Unlike the US, which has always maintained a more direct stance on China trade relations, the EU, as usual, has relied more on its soft power. Its officials prefer to reason with their Chinese counterparts, in the hope that clear but sensible dialogue would bring them to address the trade topics more willingly. Alas, it seems that speaking softly hasn’t aided the European position. Increasingly, Eurocrats are beginning to understand that the saying ’speak softly and carry a large club’ seems to hold more truth than calm conversation on its own.
In its 2007 antidumping report, the European Commission demonstrated the number of antidumping measures which were employed, and investigations and proceedings commenced during 2006. Of the latter, there was a clear rise to be noted in the number commenced that year. Furthermore, of the 36 new antidumping measures put into effect, 12 were aimed specifically at Chinese exports.
The sectors mainly targeted by these new and existing measures are the chemical, metal and electronic industries. However, at the same time, the European Commission reported to the WTO, stating that no new investigations were started in the first half of this year. This could be interpreted by Chinese and Hong Kong based companies that the EU’s antidumping activities have eased somewhat, however it is well known that the European Commission changes into a higher trade-defense-gear in the latter part of the year, especially in the current and upcoming months. This can also be deduced from the murmurs in Eurocrat offices, where officials seem to be gearing up for new confrontations with China over trade policies and trade defense.
It took the EU far longer, and perhaps too long, to fully grasp the impact of the rising dragon. The EU was still preoccupied with matters closer to home, namely the expansion of the bloc towards the East and the large influx of cheap(er) labor once the borders had been opened. Only now has it dawned on the EU that more effort needs to be put in the trade relations with China as there are several areas which are becoming ever more problematic for the various European economies. The most pressing issues are the enormous bilateral trade deficit between the EU and China, with China’s upper hand growing daily. This is combined with the fact that the Yuan still has been allowed to appreciate, which in combination with a rising Euro makes Chinese exports even cheaper.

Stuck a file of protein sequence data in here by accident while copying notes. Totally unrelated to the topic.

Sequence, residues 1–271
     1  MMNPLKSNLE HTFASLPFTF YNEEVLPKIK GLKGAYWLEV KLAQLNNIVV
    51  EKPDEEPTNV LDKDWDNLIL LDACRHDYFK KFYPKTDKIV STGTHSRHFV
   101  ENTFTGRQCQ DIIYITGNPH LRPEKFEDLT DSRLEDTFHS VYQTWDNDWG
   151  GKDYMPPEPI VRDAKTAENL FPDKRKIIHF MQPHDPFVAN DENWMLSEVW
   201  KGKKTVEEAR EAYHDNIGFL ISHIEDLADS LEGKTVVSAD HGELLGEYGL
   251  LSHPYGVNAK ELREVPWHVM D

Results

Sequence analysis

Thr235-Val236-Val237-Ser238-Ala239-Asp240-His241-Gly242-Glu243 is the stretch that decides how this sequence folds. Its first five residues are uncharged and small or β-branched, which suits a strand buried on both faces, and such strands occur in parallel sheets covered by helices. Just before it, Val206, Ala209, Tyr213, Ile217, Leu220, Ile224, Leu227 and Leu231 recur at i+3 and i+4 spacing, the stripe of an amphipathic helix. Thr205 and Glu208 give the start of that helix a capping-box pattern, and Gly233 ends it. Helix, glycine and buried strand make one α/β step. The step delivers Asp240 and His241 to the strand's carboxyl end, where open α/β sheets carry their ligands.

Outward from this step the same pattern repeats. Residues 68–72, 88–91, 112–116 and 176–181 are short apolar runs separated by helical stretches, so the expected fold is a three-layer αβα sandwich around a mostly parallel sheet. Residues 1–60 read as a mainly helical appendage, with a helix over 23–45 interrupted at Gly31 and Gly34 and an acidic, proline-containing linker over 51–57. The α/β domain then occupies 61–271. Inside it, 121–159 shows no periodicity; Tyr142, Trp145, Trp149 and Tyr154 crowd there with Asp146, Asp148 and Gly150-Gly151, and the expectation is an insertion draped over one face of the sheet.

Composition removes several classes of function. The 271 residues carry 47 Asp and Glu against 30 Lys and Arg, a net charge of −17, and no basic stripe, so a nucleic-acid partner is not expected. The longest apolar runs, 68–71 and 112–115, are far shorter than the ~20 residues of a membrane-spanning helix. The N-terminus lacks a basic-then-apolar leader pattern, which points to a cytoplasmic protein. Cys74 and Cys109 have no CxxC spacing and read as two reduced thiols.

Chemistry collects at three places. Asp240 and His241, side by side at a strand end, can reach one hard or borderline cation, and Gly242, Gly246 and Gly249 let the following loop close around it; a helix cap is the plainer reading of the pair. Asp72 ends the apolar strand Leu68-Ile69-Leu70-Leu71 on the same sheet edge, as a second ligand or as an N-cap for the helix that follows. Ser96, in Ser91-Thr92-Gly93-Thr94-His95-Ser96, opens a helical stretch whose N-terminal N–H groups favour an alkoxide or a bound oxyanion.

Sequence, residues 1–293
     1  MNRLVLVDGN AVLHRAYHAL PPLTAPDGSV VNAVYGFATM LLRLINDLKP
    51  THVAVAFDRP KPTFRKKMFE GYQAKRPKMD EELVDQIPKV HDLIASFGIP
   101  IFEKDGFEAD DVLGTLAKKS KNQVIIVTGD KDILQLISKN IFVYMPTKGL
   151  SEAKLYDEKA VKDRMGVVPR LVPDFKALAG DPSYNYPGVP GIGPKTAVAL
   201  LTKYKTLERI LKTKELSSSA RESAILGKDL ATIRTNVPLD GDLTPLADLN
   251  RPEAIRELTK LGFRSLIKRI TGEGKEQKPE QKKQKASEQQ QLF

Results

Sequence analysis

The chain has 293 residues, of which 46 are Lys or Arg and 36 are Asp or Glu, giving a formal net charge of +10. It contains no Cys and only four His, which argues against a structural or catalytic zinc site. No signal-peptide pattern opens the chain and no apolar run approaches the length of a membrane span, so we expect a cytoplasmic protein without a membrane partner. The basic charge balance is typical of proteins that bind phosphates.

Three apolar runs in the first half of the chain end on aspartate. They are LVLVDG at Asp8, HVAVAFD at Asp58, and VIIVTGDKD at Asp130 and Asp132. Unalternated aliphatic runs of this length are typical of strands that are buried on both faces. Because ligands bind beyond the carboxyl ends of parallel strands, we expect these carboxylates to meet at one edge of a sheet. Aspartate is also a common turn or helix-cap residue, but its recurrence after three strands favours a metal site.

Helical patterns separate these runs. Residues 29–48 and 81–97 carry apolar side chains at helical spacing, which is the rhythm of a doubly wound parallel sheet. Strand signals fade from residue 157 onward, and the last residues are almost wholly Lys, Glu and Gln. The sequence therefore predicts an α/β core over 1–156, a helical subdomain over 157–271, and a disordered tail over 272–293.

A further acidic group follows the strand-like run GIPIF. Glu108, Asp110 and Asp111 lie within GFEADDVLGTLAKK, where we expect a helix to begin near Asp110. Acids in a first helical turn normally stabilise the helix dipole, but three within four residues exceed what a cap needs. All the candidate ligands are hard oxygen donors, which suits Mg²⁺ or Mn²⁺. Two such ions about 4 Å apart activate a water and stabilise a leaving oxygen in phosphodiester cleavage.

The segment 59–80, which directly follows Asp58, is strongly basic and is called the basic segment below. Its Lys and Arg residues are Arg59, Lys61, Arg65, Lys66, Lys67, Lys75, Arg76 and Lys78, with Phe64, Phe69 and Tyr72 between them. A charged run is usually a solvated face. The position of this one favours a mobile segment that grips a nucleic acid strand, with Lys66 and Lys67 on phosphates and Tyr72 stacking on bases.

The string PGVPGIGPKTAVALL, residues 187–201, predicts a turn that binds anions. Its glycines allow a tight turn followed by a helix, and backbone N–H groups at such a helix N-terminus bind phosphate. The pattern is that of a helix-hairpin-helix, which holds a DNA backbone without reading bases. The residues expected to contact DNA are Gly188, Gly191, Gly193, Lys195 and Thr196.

The second group of problems concerns the lack of IPR enforcement by the Chinese government. While it is clear that European countries must switch to an entrepreneurial economy, with a very strong emphasis on innovation and knowledge production (rather than material production), as they cannot possibly compete on production costs with China, it is of crucial importance that the innovations that they produce are safeguarded.
However, lack of respect for IPR remains an endemic problem in China, and many cases can be named where Western companies see their technology copied without persecution. Neelie Kroes, the EU Commissioner for Competition, advised the Chinese government that the newly introduced anti-monopoly law must not be used for protectionist purposes, as several analysts fear that the law provides the legal ground for IPR theft. Moreover, it also keeps the door open for unequal treatment of foreign companies by the Chinese government.
Suggestions of the EU going to the WTO to take on China are being voiced, especially now that is has become clear that China does not respect the obligations it agreed to when it joined the WTO. And conversely, the WTO could serve as the EU’s big stick, to be kept behind the door when talking softly to China.